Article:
• Renal impairment: Use with caution in patients with renal impairment; excretion of drug metabolites (phenylacetylglutamine and hippurate) and ammonia may be reduced since primarily excreted by the kidneys; use may also predispose to fluid overload.
• Neonates: Hyperammonemic coma, regardless of the cause, should be treated aggressively until a specific diagnosis is made. Hemodialysis should be initiated immediately in all neonates and may be repeated until plasma ammonia level is stable at normal or near normal levels; a blood flow rate of 150 mL/minute/m2 should be targeted.
Dosage form specific issues:
• Sodium benzoate: Contains sodium benzoate/benzoic acid; benzoic acid (benzoate) is a metabolite of benzyl alcohol; large amounts of benzyl alcohol (≥99 mg/kg/day) have been associated with a potentially fatal toxicity (“gasping syndrome”) in neonates; the “gasping syndrome” consists of metabolic acidosis, respiratory distress, gasping respirations, CNS dysfunction (including convulsions, intracranial hemorrhage), hypotension, and cardiovascular collapse (AAP ["Inactive" 1997]; CDC 1982); some data suggests that benzoate displaces bilirubin.
• Appropriate use: Initiate therapy as soon as hyperammonemia is diagnosed. Must be diluted prior to administration. Administer through a central line; peripheral administration may result in burning. Repeat loading doses should not be administered (may result in prolonged phenylacetate plasma levels). Arginine supplementation is an essential part of therapy for patients with carbamyl phosphate synthetase (CPS), ornithine transcarbamylase (OTC), argininosuccinate synthetase (ASS), or argininosuccinate lyase (ASL) deficiency.
• Experienced personnel: Patients should be managed by medical personnel experienced in the treatment of metabolic disorders.
Neurologic status, Glasgow Coma Scale, tachypnea, CT or MRI scan or fundoscopic evidence of cerebral edema, and/or of gray matter and white matter damage; plasma ammonia, plasma glutamine, plasma amino acids; blood chemistry, blood glucose, AST, ALT, blood pH and pCO2, clinical response, serum electrolytes (potassium, chloride, or bicarbonate), infusion site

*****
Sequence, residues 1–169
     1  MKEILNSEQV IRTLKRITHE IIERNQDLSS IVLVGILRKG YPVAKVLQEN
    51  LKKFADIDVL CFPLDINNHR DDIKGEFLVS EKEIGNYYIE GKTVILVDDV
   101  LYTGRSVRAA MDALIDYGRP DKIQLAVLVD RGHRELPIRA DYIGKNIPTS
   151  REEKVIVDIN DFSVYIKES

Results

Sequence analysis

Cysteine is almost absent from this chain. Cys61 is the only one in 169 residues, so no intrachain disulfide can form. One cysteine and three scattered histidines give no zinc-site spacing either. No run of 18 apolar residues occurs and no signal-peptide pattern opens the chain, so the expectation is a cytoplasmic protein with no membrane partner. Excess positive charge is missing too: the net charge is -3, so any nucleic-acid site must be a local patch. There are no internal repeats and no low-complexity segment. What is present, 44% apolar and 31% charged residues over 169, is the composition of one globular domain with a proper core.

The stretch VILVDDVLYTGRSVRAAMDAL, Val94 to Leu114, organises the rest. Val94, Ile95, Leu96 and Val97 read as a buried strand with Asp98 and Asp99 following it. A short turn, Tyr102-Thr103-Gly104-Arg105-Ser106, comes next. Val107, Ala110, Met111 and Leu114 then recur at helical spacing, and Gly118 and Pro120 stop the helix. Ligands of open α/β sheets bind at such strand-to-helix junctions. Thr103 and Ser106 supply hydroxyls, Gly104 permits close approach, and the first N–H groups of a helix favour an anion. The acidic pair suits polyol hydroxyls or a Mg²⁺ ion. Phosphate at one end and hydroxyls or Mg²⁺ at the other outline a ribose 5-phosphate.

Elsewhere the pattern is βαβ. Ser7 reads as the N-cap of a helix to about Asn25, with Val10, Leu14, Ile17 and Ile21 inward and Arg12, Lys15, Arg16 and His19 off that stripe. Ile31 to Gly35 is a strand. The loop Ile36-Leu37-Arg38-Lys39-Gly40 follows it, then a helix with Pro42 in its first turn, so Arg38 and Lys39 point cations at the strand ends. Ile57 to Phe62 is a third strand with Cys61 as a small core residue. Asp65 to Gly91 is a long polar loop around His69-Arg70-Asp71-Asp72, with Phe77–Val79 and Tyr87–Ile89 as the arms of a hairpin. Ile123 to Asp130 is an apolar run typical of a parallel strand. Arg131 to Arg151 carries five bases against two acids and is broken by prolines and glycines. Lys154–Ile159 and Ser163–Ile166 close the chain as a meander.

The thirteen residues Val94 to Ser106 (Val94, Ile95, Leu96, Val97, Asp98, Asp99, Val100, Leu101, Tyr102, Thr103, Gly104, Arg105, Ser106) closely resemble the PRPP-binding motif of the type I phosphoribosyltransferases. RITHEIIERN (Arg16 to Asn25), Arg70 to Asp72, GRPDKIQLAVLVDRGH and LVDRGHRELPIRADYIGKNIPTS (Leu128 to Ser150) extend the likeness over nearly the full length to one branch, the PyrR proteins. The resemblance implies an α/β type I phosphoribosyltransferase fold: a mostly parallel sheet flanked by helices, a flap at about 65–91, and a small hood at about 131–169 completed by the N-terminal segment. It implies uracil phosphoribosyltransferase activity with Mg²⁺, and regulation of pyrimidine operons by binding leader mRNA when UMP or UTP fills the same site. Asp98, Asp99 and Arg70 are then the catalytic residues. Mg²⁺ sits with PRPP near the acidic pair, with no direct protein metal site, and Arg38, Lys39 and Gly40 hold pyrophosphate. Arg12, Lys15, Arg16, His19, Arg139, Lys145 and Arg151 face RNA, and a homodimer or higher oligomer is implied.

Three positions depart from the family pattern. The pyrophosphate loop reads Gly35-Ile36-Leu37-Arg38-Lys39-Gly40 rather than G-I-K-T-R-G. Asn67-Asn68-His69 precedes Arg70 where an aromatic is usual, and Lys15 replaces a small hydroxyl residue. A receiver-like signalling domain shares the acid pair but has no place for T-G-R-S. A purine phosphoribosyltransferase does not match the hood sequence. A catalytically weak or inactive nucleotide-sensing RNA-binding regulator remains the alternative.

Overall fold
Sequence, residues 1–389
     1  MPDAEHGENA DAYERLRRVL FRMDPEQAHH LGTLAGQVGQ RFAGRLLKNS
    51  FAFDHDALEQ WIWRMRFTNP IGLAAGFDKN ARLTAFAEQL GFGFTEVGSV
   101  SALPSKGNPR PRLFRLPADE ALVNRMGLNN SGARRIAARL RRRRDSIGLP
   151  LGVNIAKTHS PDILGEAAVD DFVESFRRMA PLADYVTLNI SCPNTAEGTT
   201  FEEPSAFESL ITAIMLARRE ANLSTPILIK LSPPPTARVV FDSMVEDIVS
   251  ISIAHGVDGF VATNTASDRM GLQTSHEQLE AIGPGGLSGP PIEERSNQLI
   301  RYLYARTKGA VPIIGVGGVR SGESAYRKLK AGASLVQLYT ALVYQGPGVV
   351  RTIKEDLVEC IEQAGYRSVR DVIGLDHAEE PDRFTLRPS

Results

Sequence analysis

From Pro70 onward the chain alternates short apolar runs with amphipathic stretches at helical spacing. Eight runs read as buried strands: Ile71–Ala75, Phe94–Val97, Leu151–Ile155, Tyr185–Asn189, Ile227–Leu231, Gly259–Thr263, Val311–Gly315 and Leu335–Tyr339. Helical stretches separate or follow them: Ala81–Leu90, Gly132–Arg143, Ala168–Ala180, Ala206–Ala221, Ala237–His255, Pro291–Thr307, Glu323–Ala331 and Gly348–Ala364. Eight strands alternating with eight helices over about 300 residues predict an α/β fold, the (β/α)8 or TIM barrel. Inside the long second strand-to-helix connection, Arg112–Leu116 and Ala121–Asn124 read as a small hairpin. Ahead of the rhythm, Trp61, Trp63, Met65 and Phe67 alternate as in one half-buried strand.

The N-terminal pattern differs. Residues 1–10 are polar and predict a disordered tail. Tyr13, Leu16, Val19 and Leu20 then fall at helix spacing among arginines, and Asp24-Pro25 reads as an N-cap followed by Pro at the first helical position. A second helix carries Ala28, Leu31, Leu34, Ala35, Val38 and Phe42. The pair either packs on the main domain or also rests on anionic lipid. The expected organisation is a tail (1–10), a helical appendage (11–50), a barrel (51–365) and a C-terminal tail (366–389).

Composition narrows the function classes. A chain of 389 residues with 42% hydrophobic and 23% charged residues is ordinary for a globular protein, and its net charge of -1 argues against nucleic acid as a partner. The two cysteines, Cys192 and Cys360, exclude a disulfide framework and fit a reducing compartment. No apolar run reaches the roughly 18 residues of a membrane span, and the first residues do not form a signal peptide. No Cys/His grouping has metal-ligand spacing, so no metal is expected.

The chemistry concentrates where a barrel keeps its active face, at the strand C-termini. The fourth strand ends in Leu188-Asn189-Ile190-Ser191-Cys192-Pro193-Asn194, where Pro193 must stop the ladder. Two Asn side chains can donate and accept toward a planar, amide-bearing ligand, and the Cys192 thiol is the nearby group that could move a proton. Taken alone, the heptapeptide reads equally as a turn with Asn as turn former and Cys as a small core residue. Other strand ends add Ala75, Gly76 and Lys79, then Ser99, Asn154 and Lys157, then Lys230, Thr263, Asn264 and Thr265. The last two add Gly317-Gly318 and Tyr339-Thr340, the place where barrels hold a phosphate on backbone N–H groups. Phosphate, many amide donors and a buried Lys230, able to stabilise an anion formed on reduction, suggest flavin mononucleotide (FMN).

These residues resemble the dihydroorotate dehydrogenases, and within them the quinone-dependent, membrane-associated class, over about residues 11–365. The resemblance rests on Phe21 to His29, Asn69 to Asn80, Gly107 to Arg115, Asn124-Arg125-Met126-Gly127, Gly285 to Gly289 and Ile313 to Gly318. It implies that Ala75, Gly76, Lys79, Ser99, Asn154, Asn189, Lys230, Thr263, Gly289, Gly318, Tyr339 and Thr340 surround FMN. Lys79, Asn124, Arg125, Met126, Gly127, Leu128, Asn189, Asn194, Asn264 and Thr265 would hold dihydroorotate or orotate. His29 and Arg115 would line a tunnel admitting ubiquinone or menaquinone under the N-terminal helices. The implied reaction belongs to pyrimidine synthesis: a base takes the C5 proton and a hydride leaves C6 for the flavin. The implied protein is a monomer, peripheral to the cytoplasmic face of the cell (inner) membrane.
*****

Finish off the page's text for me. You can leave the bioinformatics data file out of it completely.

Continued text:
Pregnancy Risk Factor
Animal reproduction studies have not been conducted with this combination.
• Discuss specific use of drug and side effects with patient as it relates to treatment. (HCAHPS: During this hospital stay, were you given any medicine that you had not taken before? Before giving you any new medicine, how often did hospital staff tell you what the medicine was for? How often did hospital staff describe possible side effects in a way you could understand?)
• Patient may experience nausea or vomiting. Have patient report immediately to prescriber signs of low potassium (muscle pain or weakness, muscle cramps, or an abnormal heartbeat), signs of high blood sugar (confusion, feeling sleepy, more thirst, hunger, passing urine more often, flushing, fast breathing, or breath that smells like fruit), signs of acidosis (confusion, fast breathing, tachycardia, arrhythmia, severe abdominal pain, nausea, vomiting, fatigue, shortness of breath, or feeling very tired or weak), severe dizziness, passing out, headache, confusion, seizures, change in taste, hearing impairment, memory impairment, burning or numbness feeling, muscle pain, muscle cramps, or severe injection site pain, burning, edema, blisters, or irritation (HCAHPS).
• Educate patient about signs of a significant reaction (eg, wheezing; chest tightness; fever; itching; bad cough; blue skin color; seizures; or swelling of face, lips, tongue, or throat). Note: This is not a comprehensive list of all side effects. Patient should consult prescriber for additional questions.
Intended Use and Disclaimer: Should not be printed and given to patients. This information is intended to serve as a concise initial reference for health care professionals to use when discussing medications with a patient. You must ultimately rely on your own discretion, experience, and judgment in diagnosing, treating, and advising patients.
Always consult your healthcare provider to ensure the information displayed on this page applies to your personal circumstances.
More about sodium benzoate/sodium phenylacetate
- Side Effects
- During Pregnancy
- Dosage Information
- Drug Interactions
- Pricing & Coupons
- Drug class: miscellaneous uncategorized agents
- Sodium Phenylacetate and Sodium Benzoate
- Sodium phenylacetate and benzoate Intravenous (Advanced Reading)
- Sodium Phenylacetate and Sodium Benzoate (AHFS Monograph)
- Sodium Phenylacetate and Sodium Benzoate Injection (FDA)
Other brands: Ammonul